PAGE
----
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Oscars still #SoWhite, but slowly making progress

Should we expect more of the same for 2017?

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The film industry's biggest night is upon us. After the Grammys, it's hard to think that the Academy Awards will be anymore woke, but is there a silver lining? With Moonlight in the running, will #OscarsSoWhite leak into 2017?

When Beyoncé lost Album, Record and Song of the year to Adele, but Lemonade won for Best Urban Album, it was hard to look at it as just a snub. It would seem the public was ready to make lemonade, and yet we were served lemons. Adele briefly acknowledged this in her shocked acceptance speech, and Sufjan Stevens blasted the Recording Academy as racist in a poignant post on his Tumblr:

Q: WTF is "Urban Contemporary"?

A: It's where the white man puts the incomparable pregnant black woman because he is so threatened by her talent, power, persuasion and potential.

The moment served as painful confirmation that the industry doesn't care for the contributions of black artists, preferring to use them to garner views than actually acknowledge their achievements in a big way. Those who disregard this viewpoint can point to Chance the Rapper's well deserved triple-win, and then there are those, like Stevens, who aren't afraid to point out the racism at play. It brought to mind the #OscarsSoWhite controversy that swept through Twitter last year after the Academy failed to nominate black actors in the top four categories for the second year in a row.

This year's Oscars have nominated more PoC actors than ever: Dev Patel, Denzel Washington, Viola Davis, Naomie Harris, and so many others who gave talented performances or contributed to incredible films. Nominations are a step forward, but they're just the Academy saving face if there aren't wins. On music's biggest night, performances by black artists dominated the showcase, and PoC were the only ones to speak up about the current political situation, and yet we had a clean-sweep by Adele. Is the Academy primed to pull another #OscarsSoWhite?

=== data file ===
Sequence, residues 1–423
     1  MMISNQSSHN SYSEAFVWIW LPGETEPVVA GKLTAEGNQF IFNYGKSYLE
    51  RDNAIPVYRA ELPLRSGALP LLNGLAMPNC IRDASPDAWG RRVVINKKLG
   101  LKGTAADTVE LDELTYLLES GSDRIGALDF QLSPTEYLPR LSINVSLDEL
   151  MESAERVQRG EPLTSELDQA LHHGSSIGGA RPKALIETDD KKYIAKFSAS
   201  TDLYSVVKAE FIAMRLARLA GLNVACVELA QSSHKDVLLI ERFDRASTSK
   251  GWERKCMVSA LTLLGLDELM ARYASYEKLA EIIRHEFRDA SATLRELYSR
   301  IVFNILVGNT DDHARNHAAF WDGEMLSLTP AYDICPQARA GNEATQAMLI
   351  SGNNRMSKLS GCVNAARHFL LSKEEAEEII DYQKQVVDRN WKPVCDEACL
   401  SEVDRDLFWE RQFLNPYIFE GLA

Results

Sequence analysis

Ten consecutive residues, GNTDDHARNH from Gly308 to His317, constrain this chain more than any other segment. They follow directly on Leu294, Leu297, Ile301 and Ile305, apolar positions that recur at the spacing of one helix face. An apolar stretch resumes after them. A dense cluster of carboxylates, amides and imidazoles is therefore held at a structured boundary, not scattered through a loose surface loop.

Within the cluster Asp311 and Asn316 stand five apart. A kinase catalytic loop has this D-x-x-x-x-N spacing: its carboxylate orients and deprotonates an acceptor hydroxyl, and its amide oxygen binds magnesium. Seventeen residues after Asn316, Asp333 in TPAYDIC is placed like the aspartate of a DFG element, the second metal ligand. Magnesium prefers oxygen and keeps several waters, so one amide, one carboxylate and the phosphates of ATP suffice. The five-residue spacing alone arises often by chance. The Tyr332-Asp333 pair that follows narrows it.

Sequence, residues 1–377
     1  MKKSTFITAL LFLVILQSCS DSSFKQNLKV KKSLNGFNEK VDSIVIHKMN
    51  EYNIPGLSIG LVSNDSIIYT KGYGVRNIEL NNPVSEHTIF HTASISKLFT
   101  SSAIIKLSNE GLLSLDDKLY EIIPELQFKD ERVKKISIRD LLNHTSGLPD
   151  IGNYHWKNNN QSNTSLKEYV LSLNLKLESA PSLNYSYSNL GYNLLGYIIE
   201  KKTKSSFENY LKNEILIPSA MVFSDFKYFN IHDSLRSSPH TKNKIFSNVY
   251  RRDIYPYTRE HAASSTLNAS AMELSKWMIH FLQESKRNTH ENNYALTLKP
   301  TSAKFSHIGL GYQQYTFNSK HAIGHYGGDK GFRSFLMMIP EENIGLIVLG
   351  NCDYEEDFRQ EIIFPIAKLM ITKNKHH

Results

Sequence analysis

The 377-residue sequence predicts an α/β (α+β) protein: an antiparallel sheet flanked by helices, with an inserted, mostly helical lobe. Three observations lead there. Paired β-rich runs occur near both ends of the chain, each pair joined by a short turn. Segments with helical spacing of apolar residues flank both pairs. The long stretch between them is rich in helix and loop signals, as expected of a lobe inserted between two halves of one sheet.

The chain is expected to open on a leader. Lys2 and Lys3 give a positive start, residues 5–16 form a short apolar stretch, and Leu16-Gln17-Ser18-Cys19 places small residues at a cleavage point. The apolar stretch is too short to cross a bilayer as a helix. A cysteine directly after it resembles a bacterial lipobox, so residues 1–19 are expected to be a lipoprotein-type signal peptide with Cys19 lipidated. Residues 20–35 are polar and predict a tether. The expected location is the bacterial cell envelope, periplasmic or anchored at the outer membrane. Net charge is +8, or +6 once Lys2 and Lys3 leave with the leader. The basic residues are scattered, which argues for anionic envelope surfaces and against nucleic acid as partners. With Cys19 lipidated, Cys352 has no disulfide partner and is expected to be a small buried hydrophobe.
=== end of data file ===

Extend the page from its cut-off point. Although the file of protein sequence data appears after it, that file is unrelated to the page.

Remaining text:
Hattie McDaniel with her Oscar (1940)

Lupita Nyong'o with her Oscar (2014)

Sidney Poitier with his Oscar (1964)

Halle Berry with her Oscar (2002)

Denzel Washington with his Oscar (2002)

It's extremely encouraging to see that Moonlight dominated the Independent Spirit Awards yesterday. It's even more important that, this year, black actors are nominated for powerful roles that do not diminish their power as people: three-dimensional characters, queer characters, powerful women that aren't demoted to maids or the "strong black woman" trope.

Lupita Nyong'o won back in 2014—she played a slave that spent most of the film languishing under white plantation owners. Before her, Mo'Nique won for Precious, where she played an unemployed, abusive mother. The first black Oscar winner was Hattie McDaniel, who played Mammy in Gone With the Wind, and the first black actress to win Best Actress was Halle Berry for Monster's Ball, where she's told, at one point, that the only reason she's with one of the characters is because he enjoys sex with black women. How can the Academy promote black excellence when they award roles that show black people in the very stereotypes that have diminished them in the eyes of society? How can the organizations that run our culture at large call themselves progressive when the last time a black woman won album of the year was over a decade ago?

Looking at the undertones of these big ceremonies that matter so much and, in the end, are run by a predominantly white panel at the top makes it almost naive to keep hope alive. We can only hope a winner glimmers under the California moonlight, under the red carpet's blinding spotlight.

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